Clive Hughes has backed a bid to build 60 flats on the former Rose Farm Dairy in the heart of the town centre.

Hart Council threw out the plan but Mr Hughes has now ruled the development can go ahead following a two-day public inquiry last month.

It means Guildford-based Barratt Southern Counties has the green light to demolish the former dairy buildings, which have been vacant for several years, and build the one and two-bedroom flats in a landscaped courtyard on land between Fleet Road and Albert Street.

Sixteen of the apartments will be for social housing — likely to be housing association for rental or part ownership —in two storeys over four new shops fronting Fleet Road.

The rest would be open market two-bedroom flats in a three-storey terraced block running in an L-shape through the centre of the site.

Each would have separate kitchens, double second bedrooms and en-suite bathrooms, with either a balcony or ground floor patio.

The town centre plan also includes 56 parking spaces, storage for 120 cycles and a play area.

Hart councillors came up with seven reasons for refusing the scheme when they discussed it in November.

They feared the scale, mass, height and prominence of the flats would be out of scale and character with other developments in Albert Street.

Councillors were also concerned that the three-storey scheme had no wheelchair access, as there were no lifts and pointed out there was no adequate access into the site for refuse collection vehicles.

But in his inquiry report, Mr Hughes said he could see no problems with the scheme.

“I consider that the development will be of a high standard of design and that it will have a positive impact on the character of the area,” his report states.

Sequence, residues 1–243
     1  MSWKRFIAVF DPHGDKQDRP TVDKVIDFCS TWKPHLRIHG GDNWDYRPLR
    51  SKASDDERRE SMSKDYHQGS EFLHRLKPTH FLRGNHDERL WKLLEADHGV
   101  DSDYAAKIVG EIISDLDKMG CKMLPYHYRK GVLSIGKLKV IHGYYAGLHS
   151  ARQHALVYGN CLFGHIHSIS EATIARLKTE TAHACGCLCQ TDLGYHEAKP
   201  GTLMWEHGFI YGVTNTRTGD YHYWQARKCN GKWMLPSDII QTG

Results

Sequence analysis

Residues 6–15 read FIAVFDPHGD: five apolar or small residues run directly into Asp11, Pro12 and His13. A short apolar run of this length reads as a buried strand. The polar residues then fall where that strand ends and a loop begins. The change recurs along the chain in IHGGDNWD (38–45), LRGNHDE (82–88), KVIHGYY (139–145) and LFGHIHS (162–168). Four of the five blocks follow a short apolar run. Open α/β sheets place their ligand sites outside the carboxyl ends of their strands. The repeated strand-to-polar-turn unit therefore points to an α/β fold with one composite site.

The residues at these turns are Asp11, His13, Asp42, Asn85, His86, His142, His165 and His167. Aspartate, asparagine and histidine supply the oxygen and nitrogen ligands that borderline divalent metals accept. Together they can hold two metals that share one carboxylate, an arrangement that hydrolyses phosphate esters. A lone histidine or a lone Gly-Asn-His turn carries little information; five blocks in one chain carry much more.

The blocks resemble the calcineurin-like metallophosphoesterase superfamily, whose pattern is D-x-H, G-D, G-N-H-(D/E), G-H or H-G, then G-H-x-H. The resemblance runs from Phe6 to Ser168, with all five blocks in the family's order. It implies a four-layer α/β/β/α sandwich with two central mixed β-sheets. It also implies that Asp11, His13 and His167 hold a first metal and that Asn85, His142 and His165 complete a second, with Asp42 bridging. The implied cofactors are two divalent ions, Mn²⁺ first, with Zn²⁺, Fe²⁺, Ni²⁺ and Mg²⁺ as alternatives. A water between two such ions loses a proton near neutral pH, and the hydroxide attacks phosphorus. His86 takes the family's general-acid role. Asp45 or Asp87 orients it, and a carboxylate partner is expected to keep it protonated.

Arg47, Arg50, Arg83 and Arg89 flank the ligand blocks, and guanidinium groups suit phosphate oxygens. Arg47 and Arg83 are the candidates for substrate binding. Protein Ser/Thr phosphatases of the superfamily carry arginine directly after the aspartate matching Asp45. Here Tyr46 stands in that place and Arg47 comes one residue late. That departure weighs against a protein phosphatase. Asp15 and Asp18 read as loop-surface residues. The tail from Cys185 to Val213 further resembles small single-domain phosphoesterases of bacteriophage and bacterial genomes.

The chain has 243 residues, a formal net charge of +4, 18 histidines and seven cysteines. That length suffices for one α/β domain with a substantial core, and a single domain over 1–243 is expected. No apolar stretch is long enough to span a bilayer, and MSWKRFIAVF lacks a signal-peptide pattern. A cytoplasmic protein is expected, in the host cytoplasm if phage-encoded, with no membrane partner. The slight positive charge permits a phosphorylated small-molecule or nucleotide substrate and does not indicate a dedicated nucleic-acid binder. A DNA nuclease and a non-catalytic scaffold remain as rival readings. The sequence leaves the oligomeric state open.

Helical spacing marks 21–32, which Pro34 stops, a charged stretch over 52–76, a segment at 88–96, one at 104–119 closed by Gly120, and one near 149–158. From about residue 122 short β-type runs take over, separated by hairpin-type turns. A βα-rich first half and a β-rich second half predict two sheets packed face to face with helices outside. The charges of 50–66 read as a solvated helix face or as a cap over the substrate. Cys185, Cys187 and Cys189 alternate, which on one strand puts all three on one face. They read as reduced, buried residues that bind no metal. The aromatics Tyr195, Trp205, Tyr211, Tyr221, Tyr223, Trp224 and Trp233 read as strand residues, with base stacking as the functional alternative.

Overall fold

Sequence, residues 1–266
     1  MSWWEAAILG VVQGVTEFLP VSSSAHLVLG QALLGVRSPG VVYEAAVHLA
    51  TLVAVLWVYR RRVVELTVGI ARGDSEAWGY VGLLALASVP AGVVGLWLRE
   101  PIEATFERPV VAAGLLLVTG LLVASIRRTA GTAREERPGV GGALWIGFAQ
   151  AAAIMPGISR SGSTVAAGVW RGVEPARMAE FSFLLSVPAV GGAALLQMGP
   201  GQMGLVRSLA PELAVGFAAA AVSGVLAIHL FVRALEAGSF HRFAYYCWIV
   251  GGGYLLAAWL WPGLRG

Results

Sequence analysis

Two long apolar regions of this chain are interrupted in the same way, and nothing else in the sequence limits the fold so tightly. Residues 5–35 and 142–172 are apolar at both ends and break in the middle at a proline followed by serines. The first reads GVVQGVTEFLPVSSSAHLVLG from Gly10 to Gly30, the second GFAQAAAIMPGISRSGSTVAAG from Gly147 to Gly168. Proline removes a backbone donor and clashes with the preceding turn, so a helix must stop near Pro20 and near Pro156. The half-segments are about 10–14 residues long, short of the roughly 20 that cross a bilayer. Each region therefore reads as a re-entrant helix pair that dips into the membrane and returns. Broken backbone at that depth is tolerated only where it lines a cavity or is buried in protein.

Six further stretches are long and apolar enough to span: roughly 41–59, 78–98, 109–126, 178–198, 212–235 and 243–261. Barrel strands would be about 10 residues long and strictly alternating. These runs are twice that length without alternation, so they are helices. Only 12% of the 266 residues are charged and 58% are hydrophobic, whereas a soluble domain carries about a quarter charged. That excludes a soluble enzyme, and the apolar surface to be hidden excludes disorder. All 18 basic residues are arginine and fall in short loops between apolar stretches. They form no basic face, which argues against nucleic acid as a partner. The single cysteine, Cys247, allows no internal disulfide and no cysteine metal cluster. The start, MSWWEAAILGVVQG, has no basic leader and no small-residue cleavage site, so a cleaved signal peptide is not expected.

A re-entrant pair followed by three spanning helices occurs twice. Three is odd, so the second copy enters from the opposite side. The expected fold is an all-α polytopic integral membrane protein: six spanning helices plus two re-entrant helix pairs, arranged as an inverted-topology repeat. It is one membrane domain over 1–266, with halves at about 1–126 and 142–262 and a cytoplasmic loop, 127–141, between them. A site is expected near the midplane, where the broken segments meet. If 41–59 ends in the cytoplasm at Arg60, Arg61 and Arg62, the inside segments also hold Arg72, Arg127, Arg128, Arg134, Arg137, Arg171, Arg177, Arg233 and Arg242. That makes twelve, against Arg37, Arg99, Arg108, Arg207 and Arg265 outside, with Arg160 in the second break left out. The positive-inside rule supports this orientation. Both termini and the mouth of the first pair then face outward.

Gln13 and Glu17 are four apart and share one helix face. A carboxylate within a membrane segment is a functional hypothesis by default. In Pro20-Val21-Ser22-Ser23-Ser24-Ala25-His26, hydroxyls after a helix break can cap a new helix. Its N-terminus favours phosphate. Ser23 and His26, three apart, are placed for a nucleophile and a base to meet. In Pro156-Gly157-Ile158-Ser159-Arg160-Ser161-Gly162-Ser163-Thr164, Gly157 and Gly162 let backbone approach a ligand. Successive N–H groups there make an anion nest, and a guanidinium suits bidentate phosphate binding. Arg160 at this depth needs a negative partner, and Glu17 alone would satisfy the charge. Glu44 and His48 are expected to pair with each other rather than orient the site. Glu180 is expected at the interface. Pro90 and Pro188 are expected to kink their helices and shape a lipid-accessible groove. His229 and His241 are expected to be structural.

Mr Hughes said the development had been “carefully designed” and would result in the removal of an industrial use and provide a high-density housing develop-ment close to the town centre.

“The development would also provide a significant amount of affordable housing as well as providing financial contributions towards highway works in the vicinity,” the report adds.

Mr Hughes also said he did not think the development would appear overbearing or result in a significant loss of amenity to nearby residents.

“Overall it seems to me that there are significant benefits of this scheme.”

The scheme was backed by the Fleet Town Centre Group, which said the development offered an ideal opportunity to regenerate and enhance that end of the town centre.

“Hart is badly in need of affordable dwellings and this site offers a unique opportunity to provide low-rise flats/town houses within a short walk of the town centre and the railway station,” states the group’s letter of support.

Fleet and Crookham Civic Society also welcomed the plan, saying it hoped this site would set a precedent for future town centre conversions.